I'm sure you've heard about diploma mills and accreditation mills. Diploma mills are not even institutions; they sell degrees without having to provide much program. Accreditation mills are a new thing though, and there are a lot of them. Some cross-border providers are not even accredited in their home country, or they may not even have a home country, but they need accreditation and so they go to an organization that sells accreditations that have no real meaning. A receiving country needs to have the capacity to look at the actual quality of an accreditation, and that accreditation needs to be licensed. And I don't want to underestimate the work that needs to be done to prepare for that.

Do you think that cross-border education is the complement, or the perfect complement, in a globalized economy?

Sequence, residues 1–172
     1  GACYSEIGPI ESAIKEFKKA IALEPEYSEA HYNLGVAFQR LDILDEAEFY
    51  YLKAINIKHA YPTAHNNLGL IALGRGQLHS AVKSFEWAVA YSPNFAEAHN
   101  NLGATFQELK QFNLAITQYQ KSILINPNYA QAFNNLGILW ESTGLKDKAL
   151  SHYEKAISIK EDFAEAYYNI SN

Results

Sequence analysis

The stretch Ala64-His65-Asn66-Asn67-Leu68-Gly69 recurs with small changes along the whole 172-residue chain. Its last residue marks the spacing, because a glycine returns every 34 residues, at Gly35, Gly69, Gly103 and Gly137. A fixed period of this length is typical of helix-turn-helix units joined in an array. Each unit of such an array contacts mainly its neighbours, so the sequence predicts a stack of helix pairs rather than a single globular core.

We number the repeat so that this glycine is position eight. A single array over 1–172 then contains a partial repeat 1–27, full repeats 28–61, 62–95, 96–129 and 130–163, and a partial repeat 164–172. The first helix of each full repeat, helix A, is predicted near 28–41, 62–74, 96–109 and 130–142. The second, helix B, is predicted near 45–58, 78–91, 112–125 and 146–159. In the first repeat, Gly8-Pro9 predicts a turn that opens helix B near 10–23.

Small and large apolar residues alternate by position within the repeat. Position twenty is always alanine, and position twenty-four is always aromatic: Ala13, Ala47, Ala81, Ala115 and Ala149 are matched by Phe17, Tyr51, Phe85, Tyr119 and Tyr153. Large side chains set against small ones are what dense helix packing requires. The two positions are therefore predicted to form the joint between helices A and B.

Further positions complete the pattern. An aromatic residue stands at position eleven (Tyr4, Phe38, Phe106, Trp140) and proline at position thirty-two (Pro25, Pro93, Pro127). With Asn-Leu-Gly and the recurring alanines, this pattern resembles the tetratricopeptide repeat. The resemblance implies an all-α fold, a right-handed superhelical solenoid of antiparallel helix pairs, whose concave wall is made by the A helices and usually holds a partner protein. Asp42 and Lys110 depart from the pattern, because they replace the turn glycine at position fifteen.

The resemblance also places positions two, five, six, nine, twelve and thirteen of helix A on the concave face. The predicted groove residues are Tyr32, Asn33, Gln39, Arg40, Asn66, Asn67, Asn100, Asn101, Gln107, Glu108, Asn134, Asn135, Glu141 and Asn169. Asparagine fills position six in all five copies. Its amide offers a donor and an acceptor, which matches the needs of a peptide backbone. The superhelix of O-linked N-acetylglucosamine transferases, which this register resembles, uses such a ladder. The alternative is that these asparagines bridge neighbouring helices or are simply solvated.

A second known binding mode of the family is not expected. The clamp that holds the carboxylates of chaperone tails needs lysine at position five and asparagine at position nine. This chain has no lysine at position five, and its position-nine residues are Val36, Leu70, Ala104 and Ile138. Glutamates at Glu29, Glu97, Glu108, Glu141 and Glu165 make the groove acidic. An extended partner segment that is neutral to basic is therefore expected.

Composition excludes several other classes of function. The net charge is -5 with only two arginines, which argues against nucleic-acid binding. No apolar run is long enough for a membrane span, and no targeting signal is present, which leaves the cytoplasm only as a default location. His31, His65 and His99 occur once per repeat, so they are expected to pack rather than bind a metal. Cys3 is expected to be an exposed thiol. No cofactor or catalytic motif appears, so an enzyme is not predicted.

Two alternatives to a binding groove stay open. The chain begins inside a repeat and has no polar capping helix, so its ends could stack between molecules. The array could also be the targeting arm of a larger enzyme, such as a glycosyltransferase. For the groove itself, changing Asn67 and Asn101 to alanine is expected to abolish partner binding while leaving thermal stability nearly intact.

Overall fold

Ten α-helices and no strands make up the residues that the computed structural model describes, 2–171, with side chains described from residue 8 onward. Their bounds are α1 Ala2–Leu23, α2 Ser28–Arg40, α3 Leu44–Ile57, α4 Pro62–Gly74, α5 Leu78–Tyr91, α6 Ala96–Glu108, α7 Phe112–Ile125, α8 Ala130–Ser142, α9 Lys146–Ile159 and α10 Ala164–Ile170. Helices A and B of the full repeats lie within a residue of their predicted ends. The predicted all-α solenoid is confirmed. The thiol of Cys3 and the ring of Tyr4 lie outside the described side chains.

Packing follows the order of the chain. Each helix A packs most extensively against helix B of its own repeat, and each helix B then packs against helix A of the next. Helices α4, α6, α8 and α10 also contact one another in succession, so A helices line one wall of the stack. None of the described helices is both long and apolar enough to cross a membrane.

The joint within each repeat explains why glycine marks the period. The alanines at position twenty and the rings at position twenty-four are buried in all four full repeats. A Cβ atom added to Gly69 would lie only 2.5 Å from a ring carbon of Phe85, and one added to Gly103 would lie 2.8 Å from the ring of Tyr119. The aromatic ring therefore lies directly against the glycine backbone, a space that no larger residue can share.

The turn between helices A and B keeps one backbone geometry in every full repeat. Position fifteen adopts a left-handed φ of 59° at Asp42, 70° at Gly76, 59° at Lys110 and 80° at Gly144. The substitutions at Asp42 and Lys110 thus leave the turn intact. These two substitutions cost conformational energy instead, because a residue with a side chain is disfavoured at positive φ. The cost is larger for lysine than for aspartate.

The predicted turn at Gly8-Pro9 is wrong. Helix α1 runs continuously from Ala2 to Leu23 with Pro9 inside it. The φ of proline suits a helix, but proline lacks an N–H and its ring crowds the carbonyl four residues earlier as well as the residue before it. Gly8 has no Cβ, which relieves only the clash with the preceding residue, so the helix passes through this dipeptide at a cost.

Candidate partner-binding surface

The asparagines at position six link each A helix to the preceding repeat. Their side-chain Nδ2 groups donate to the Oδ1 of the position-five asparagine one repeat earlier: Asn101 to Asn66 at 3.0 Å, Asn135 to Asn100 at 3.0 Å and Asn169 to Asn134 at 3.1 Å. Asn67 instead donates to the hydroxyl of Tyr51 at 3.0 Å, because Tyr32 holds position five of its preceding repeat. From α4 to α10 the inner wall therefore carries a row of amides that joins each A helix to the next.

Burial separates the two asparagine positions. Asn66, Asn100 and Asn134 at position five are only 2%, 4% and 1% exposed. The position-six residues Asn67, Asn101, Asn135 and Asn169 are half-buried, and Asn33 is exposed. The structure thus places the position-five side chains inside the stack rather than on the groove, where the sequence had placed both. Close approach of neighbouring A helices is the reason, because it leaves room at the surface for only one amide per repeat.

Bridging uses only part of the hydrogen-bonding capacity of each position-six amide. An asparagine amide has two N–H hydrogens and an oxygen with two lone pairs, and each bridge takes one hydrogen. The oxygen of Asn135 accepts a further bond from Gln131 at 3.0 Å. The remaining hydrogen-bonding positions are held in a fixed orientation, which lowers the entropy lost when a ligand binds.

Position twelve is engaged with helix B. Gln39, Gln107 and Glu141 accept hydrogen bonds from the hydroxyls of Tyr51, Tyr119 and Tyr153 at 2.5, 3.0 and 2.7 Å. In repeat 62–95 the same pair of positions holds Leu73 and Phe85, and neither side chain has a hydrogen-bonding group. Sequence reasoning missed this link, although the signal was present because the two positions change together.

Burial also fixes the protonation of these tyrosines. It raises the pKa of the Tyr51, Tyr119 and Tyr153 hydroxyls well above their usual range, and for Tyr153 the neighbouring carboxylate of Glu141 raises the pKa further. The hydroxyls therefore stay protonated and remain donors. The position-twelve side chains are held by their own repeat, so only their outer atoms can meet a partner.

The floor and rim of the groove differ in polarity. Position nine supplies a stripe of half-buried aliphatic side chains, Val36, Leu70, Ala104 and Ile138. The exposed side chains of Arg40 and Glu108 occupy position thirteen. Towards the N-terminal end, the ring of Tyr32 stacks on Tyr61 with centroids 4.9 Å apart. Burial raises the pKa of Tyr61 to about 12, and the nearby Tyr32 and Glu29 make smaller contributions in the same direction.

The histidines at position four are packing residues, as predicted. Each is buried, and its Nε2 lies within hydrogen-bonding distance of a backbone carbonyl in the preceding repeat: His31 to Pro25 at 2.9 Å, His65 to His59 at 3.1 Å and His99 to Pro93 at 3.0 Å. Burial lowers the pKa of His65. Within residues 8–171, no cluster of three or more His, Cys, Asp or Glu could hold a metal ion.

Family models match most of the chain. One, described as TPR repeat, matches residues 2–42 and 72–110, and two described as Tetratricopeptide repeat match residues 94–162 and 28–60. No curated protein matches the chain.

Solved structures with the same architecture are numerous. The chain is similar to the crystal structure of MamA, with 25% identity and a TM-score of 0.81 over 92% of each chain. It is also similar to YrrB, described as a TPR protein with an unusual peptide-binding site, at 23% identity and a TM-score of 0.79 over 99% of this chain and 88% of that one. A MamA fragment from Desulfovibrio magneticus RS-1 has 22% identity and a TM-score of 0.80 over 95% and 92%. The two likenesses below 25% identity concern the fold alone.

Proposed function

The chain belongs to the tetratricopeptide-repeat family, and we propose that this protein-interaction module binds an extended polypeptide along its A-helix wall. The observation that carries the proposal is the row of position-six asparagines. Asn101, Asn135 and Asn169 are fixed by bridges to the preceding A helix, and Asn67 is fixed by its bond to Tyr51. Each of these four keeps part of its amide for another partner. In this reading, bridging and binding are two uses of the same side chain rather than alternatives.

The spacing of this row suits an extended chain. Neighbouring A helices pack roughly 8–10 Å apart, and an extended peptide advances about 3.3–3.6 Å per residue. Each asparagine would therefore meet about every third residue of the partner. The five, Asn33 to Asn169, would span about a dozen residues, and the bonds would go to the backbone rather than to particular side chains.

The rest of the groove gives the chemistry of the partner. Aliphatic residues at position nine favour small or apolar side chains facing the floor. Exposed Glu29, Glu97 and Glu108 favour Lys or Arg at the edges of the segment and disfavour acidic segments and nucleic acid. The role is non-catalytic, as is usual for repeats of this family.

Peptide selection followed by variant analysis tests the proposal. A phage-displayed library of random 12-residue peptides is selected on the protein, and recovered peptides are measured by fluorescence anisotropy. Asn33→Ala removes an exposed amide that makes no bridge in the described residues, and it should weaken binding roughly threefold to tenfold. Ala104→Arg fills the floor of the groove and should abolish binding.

Cross-border education is not the silver bullet to answer all of the problems that we have in trying to increase access to higher education and in trying to increase its quality and relevance, but it does have potential. I think we need to talk seriously about the exciting new opportunities of cross-border education but also about the threats and risks it involves. Individual countries must decide for themselves. We have talked about receiving or sending countries setting education policy and setting educational regulations to help ensure that cross-border education is an asset, but we are now living in a different world in which trade agreements have also had an impact on education. Education is one of the twelve service sectors in the World Trade Organization’s General Agreement on Trade in Services. This is new territory for the education sector. We have to be aware of the existence of these trade agreements and how they may impact the way cross-border education is imported into a country. I think the education sector has to be very proactive on this point. We need to work with the trade negotiators, making them understand what the nature of higher education is—the fact that it is both a public and a private good—and the higher education sectors in each country need to collaborate with the trade officials who are negotiating trade agreements that include education. Working with trade officials and immigration officials in this whole area of cross-border education is a new challenge for us.